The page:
the ruin-and the something you call
short and sharp. Ah " she sighed, turn- ing and looking absently at the scene.
" do I not remember—and were we not
" Happy "—with a short laugh, and then his head drooped for a moment as if he were thinking—" well, it has come to this at last, Phyl. If I win to-night —and I must win to-night—good-bye to rouge et noir and all the rest for ever."
" Yes, that is what Madame Blanchard said ; but she will never come back. Why not give up now ?"
He turned and pointed to the lights of the town, and shook his head.
" I can't, I can't, I can't. Once more, Phyllis, girl, and then——"
He stooped and kissed her. There was something in the caress that re- minded her of the days—how long ago ! how deep, deep buried, how irre- vocably gone !—when the love, on her side, was pure, and when she had built her castles in Spain on the shifting sand of a man's love.
And then they went up together to meet their fate.
* * * * * *
They entered the chamber of the City of Destruction with the air of old habitués. The lights, the tables, the rich hangings, the carving and gilding,
the chubby cherubim that had looked down on success and ruin, on fever and despair, on prayers and execrations—all the deeper because not uttered but hidden under studied indifference—the croupiers, who looked as if the whole thing bored them, the rich dresses, the
bright, eyes, the haggard faces that art
and will could not hide—it was all as old as an oft-told tale to them.
They were somewhat late in entering. The cry of the coupier was heard in the land, " Make your play, gentlemen, make your play," and his rake raked in the piles of gold.
A young gentleman dressed as per- fectly as for my lady's "at home" was in the act of withdrawing from a group about one of the tables. He had played and lost. He had the same interesting paleness as one who was about to be sea-sick. His wife took his arm and looked up anxiously in his face. He walked on as if unconscious of her
presence. They passed Phyllis, and she shivered as she watched them. She said quietly to herself, "Ruined."
Yeend had left her, while he went to his "lucky" table. Something, when he
first entered, had made him look curiously among the crowd. He seemed
to have an air of expectancy, and yet he expexted nobody and wished to meet no recognising eye. he had kept this up for a while, but it had worn off now.
He had got the gambler's " second wind," and was as much at home as ever he was—that is to say, he was fascinated. He followed the red and the black, and put his money on the colours in the most approved methods of reckoning the chances ; black was steadily losing ; he placed it on black and waited for re- versal of luck on the principle that underlies the divine law of average.
Phyllis went quietly up to him and touched him lightly on the shoulder.
He looked at her pretty much as a man would who was in the midst of an opium smoke—he, like the young man who had just gone out, seemed hardly aware of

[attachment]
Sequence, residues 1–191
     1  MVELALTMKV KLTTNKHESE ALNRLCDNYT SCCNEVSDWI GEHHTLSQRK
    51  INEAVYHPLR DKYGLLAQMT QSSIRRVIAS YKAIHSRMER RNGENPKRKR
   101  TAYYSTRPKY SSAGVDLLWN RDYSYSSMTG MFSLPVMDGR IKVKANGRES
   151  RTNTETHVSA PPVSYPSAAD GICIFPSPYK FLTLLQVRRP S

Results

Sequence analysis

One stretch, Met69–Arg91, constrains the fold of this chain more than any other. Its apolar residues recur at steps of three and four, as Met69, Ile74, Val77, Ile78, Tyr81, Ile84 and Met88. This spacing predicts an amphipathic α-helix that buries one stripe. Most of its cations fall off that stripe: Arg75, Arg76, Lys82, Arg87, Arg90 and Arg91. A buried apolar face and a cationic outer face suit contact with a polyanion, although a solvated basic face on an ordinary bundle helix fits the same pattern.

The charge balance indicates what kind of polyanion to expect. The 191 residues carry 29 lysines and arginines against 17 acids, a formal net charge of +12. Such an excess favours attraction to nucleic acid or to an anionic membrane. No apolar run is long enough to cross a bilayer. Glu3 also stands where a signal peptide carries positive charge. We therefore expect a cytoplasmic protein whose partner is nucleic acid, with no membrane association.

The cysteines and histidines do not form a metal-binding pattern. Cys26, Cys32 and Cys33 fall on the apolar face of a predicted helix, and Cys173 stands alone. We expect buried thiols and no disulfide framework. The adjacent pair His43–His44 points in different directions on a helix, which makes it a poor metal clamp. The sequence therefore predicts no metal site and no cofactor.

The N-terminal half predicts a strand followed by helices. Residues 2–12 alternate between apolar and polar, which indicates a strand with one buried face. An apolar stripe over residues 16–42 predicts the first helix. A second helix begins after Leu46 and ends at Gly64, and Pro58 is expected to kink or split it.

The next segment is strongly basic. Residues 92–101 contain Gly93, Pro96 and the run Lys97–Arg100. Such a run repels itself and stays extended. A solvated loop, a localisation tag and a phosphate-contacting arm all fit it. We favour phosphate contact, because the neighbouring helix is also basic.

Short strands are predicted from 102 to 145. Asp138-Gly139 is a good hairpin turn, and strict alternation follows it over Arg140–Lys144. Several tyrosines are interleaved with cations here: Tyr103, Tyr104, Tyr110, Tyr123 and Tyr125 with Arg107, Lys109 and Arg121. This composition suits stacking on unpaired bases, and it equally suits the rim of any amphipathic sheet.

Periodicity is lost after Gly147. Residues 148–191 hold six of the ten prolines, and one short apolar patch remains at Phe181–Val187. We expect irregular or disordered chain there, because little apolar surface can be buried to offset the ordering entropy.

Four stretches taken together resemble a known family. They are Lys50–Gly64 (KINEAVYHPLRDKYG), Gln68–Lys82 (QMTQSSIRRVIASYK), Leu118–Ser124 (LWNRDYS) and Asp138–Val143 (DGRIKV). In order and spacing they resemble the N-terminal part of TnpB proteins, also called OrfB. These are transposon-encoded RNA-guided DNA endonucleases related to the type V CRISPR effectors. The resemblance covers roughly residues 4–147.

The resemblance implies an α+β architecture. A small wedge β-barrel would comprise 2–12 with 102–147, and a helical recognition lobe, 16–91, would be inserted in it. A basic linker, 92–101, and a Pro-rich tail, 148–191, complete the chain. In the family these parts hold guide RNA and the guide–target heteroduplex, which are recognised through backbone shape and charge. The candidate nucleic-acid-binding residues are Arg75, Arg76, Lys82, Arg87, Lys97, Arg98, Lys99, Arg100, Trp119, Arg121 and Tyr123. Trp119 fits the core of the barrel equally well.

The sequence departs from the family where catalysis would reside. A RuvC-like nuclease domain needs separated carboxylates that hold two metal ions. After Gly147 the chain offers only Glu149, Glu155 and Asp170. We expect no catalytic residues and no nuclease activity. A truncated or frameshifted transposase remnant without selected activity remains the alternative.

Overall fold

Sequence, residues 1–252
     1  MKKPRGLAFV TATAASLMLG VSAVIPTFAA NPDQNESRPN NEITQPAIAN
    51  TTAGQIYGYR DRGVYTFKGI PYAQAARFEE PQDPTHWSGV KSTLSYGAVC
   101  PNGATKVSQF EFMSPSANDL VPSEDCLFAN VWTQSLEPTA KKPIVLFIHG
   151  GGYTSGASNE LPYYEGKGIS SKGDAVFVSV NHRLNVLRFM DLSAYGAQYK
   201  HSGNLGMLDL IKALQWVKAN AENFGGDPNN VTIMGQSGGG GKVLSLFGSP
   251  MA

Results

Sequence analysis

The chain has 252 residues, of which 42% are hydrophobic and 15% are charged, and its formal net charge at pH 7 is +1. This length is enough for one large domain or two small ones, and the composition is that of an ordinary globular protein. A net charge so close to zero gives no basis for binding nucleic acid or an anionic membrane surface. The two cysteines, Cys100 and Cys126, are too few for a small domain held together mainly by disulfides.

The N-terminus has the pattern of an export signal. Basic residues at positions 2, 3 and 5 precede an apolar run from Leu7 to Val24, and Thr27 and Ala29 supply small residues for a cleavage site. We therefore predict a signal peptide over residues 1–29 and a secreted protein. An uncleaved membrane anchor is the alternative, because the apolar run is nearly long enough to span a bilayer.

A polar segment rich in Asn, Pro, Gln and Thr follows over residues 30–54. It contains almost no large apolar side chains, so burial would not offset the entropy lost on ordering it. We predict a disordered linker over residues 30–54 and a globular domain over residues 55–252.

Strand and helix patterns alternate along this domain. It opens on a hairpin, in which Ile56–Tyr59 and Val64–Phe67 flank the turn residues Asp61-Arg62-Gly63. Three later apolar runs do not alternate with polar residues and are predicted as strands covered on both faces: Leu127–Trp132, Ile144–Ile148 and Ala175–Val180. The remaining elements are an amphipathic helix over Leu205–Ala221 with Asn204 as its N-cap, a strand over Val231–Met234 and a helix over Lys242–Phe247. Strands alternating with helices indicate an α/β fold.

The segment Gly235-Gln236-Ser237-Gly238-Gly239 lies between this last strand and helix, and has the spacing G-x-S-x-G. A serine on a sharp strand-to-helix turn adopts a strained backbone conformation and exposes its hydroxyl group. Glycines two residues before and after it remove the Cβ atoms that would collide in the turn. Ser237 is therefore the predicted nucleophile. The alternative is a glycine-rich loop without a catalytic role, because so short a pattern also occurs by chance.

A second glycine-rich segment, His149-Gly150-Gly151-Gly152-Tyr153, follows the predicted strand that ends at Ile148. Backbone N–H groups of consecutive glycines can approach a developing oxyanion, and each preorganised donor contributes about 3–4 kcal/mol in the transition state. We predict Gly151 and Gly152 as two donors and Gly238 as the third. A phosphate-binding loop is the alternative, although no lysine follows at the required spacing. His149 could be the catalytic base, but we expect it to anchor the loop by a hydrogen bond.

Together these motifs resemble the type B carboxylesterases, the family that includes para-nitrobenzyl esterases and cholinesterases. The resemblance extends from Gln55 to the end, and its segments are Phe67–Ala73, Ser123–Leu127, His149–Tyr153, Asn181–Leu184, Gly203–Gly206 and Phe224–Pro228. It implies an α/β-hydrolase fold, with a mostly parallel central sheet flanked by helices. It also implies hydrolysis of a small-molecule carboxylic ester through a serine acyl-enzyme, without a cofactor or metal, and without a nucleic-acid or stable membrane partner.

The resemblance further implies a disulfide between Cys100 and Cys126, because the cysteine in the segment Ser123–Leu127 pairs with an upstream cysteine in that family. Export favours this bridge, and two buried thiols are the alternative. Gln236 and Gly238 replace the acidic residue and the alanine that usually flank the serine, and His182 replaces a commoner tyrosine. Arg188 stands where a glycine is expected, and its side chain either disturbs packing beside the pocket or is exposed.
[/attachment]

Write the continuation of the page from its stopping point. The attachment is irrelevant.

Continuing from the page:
her presence, but he waved her away abstractedly and turned to the table again. It was always hopeless. Of late she had once or twice tried the same thing, and always with the same result. Jerome in his cave was not more dead to all the other attractions of the
world than the man who was under the spell of the master vice — for gambling is one of the few vices that, like music, does not pall by frequent repetition. She retired hopelessly to her seat ; the croupier croaked out his çry ; the croupier plied his rake ; the " bank " was having a good night, and the yellow boys chink ed and glistened
under the light as they fell musically to-
The pendulum was making a long swing this time before it gravitated back to the centre of average and over to the side of luck for the man who staked against the bank. Black had lost again. Yeend leaned back and wiped the per- spiration from his forehead. He staked on black again. He felt, so deep was his abstraction, as utterly alone as if he were in the centre of the Sahara. There was nobody around him, there were no voices, there was no lighted room—there was only the clink and the yellow of the little piles of gold. Marvellous ! Black did the impossible thing and lost again.
His nerves were not quite his own to- night.
" That girl's damned twaddle has got on to my brain," he said in a lucid, interval and turned away mechanically to go somewhere where he could get a breath of fresh air.
Phyllis on the watch noted it, and was at his side in a moment and linked
her arm in his. He stopped and faced her fiercely. She knew the symptom and the condition of mind behind it.
" Dick," she said in pretty much the same tone as she would use to a sleeper. " Dear, dear Dick, do be warned. Do not play any more. Luck is against you."
He made as if he would shake her off, but she only clung the closer.
" For God's sake sit down will you," he said in a savage suppressed tone. " I will not be distracted by you. You have
done enough damage—curse you," he added as a postscript.
" But Dick——."
" My luck will turn."